Radio-Pathomic Maps of Cell Density Identify Brain Tumor Invasion beyond Traditional MRI-Defined Margins [FUNCTIONAL]

BACKGROUND AND PURPOSE:

Currently, contrast-enhancing margins on T1WI are used to guide treatment of gliomas, yet tumor invasion beyond the contrast-enhancing region is a known confounding factor. Therefore, this study used postmortem tissue samples aligned with clinically acquired MRIs to quantify the relationship between intensity values and cellularity as well as to develop a radio-pathomic model to predict cellularity using MR imaging data.

MATERIALS AND METHODS:

This single-institution study used 93 samples collected at postmortem examination from 44 patients with brain cancer. Tissue samples were processed, stained with H&E, and digitized for nuclei segmentation and cell density calculation. Pre- and postgadolinium contrast T1WI, T2 FLAIR, and ADC images were collected from each patient’s final acquisition before death. In-house software was used to align tissue samples to the FLAIR image via manually defined control points. Mixed-effects models were used to assess the relationship between single-image intensity and cellularity for each image. An ensemble learner was trained to predict cellularity using 5 x 5 voxel tiles from each image, with a two-thirds to one-third train-test split for validation.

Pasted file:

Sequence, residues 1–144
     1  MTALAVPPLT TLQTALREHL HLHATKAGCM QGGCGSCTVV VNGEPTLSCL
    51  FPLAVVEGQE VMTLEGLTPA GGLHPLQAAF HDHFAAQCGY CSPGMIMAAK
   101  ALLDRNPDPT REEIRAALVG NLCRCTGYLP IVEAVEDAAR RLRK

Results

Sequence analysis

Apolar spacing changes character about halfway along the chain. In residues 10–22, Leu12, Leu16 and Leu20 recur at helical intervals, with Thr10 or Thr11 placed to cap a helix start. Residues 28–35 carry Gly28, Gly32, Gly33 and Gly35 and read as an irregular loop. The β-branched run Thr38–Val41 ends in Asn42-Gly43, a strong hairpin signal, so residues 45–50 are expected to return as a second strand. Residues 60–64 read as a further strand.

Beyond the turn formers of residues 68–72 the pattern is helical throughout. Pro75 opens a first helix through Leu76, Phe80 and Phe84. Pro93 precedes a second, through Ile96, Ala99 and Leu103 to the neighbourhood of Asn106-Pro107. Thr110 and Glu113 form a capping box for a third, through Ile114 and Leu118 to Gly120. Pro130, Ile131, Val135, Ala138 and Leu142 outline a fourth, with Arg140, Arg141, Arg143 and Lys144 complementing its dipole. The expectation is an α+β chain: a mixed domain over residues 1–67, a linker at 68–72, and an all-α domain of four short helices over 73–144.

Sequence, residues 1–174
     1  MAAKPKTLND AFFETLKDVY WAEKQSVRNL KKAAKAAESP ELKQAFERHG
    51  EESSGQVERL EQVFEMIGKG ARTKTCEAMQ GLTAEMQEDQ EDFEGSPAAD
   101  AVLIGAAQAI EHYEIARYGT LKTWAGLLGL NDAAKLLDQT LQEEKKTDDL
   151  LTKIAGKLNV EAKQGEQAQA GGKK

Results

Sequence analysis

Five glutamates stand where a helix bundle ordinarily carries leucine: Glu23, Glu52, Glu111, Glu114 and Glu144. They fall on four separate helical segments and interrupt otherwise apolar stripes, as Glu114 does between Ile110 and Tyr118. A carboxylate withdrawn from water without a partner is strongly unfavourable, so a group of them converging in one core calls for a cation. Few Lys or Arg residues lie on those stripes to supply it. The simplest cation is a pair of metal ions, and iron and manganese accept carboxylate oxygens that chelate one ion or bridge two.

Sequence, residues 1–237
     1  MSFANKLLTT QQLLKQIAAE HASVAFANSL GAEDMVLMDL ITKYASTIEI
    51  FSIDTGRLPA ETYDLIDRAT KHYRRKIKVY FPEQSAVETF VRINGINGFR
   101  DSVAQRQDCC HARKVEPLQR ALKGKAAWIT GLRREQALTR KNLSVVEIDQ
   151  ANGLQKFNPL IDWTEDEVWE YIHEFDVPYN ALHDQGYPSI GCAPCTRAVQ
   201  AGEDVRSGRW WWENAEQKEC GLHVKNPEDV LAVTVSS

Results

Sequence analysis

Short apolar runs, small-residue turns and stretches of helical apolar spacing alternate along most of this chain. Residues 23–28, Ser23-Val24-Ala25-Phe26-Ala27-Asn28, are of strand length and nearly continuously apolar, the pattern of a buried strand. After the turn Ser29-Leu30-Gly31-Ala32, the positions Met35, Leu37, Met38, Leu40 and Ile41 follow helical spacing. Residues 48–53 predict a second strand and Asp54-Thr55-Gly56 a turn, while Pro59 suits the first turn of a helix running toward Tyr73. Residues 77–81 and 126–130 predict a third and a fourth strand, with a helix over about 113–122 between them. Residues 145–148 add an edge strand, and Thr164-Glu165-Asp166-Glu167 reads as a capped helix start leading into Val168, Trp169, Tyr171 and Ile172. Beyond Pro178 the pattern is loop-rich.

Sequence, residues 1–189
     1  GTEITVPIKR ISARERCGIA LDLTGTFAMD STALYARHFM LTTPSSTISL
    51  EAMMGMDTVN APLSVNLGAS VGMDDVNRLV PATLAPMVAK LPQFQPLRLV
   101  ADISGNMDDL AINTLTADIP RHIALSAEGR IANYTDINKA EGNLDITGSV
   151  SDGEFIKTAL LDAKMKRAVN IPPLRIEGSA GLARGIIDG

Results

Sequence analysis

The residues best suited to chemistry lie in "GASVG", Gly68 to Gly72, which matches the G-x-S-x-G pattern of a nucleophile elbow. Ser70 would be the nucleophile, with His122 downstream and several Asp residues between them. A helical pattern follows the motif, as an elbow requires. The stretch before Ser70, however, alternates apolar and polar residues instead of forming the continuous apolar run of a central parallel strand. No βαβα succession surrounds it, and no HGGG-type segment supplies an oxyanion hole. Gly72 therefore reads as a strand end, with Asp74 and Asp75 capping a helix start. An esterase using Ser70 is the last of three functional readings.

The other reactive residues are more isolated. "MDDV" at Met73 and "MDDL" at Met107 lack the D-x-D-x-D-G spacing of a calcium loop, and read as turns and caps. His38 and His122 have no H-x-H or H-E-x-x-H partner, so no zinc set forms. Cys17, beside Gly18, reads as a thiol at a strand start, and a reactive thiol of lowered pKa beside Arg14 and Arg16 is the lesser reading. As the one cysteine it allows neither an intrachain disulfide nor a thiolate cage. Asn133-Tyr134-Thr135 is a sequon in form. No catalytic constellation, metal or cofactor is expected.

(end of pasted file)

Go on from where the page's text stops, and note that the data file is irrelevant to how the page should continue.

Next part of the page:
RESULTS:

Single-image analyses found subtle associations between image intensity and cellularity, with a less pronounced relationship in patients with glioblastoma. The radio-pathomic model accurately predicted cellularity in the test set (root mean squared error = 1015 cells/mm2) and identified regions of hypercellularity beyond the contrast-enhancing region.

CONCLUSIONS:

A radio-pathomic model for cellularity trained with tissue samples acquired at postmortem examination is able to identify regions of hypercellular tumor beyond traditional imaging signatures.